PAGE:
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Cloud Computing gives you options for computing and hosting. You can choose to do the following:
You can imagine a spectrum where, at one end, you have most of the responsibilities for resource management and, at the other end, Google has most of those responsibilities.
Google Cloud's unmanaged compute service is Compute Engine. You can think of Compute Engine as providing an infrastructure as a service (IaaS), because the system provides a robust computing infrastructure, but you must choose and configure the platform components that you want to use.
With Compute Engine, it's your responsibility to configure, administer, and monitor the systems. Google will ensure that resources are available, reliable, and ready for you to use, but it's up to you to provision and manage them.
The advantage here is that you have complete control of the systems and unlimited flexibility.
When you build on Compute Engine, you can do the following:
App Engine is Google Cloud's platform as a service (PaaS). With App Engine, Google handles most of the management of the resources for you.
For example, if your application requires more computing resources because traffic to your website increases, Google automatically scales the system to provide those resources. If the system software needs a security update, that's handled for you, too.
With container-based computing, you can focus on your application code, instead of on deployments and integration into hosting environments.
Google Kubernetes Engine (GKE), Google Cloud's containers as a service (CaaS) offering, is built on the open source Kubernetes system, which gives you the flexibility of on-premises or hybrid clouds, in addition to Google Cloud's public cloud infrastructure.
Whatever your application, you'll probably need to store some media files, backups, or other file-like objects. Google Cloud provides a variety of storage services, including:
Utilizing the Google Cloud Platform a variety of SQL and NoSQL database services are provided:
You can also choose to set up your preferred database technology on Compute Engine by using persistent disks.
These services help you to load-balance traffic across resources, create DNS records, and connect your existing network to Google's network.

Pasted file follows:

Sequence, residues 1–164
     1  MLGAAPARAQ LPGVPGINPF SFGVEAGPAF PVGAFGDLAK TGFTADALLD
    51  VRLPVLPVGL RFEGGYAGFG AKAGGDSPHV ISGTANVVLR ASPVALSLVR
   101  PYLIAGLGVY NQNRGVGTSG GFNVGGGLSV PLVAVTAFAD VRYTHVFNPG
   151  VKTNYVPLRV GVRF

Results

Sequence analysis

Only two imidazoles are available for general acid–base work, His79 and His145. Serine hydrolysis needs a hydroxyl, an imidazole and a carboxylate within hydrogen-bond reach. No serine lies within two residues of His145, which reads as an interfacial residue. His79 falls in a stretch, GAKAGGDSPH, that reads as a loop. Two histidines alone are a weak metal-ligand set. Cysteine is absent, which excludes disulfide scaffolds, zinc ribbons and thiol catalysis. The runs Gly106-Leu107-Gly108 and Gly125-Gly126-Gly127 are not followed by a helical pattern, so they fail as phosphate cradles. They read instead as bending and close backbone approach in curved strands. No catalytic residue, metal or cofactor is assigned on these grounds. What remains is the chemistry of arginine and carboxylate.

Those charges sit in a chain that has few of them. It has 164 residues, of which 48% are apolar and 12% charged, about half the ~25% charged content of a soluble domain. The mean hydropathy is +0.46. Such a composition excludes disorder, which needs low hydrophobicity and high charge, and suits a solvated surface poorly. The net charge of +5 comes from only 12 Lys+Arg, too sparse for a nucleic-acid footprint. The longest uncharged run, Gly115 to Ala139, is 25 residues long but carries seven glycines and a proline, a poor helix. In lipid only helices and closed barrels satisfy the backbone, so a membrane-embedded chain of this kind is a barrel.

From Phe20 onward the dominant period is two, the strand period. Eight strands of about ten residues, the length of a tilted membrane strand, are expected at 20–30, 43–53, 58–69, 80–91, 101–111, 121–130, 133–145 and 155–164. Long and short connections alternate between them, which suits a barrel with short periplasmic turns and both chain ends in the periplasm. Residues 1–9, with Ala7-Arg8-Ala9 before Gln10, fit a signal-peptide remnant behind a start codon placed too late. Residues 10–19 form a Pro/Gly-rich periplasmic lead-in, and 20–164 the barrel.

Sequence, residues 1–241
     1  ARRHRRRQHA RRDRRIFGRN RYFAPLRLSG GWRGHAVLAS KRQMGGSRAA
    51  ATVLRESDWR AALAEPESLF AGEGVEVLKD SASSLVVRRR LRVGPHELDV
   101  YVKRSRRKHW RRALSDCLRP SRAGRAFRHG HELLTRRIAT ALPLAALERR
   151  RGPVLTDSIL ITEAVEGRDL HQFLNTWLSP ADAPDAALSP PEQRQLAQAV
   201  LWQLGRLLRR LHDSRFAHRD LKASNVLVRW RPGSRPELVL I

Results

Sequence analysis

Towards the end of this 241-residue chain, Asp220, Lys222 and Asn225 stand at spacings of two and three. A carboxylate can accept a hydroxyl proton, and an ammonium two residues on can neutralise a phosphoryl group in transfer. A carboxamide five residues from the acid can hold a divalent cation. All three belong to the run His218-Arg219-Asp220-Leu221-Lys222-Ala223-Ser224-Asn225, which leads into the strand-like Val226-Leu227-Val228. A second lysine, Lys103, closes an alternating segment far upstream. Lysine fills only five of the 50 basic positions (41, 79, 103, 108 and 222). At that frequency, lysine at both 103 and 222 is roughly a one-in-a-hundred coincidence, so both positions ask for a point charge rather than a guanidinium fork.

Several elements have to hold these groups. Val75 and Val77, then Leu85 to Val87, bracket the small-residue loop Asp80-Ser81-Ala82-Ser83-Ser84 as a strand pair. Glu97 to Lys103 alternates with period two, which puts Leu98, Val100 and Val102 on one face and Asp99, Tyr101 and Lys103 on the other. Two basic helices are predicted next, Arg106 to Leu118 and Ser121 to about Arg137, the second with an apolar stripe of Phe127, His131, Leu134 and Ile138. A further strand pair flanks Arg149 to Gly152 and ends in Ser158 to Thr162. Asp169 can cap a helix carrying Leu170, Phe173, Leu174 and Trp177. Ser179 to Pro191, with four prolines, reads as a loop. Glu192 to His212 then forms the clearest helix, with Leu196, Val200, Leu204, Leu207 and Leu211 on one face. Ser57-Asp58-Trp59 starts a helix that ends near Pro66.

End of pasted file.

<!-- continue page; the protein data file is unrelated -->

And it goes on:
Virtual Private Cloud (VPC) provides a set of networking services that your VM instances use. An instance can have more than one interface, but each interface must be connected to a different network. Every VPC project has a default network. You can create additional networks in your project, but networks cannot be shared between projects.
Firewall rules govern traffic coming into instances on a network. The default network has a default set of firewall rules, and you can create custom rules, too.
A route lets you implement more advanced networking functions in your instances, such as creating VPNs. A route specifies how packets leaving an instance should be directed.
For example, a route might specify that packets destined for a particular network range should be handled by a gateway virtual machine instance that you configure and operate.
If your website or application is running on Compute Engine, the time might come when you're ready to distribute the workload across multiple instances. Server-side load balancing features provide you with the following options:
You can publish and maintain Domain Name System (DNS) records by using the same infrastructure that Google uses. This service provides easy use to work with managed zones and DNS records.
If you have an existing network that you want to connect to Google Cloud resources, Google Cloud offers the following options for advanced connectivity: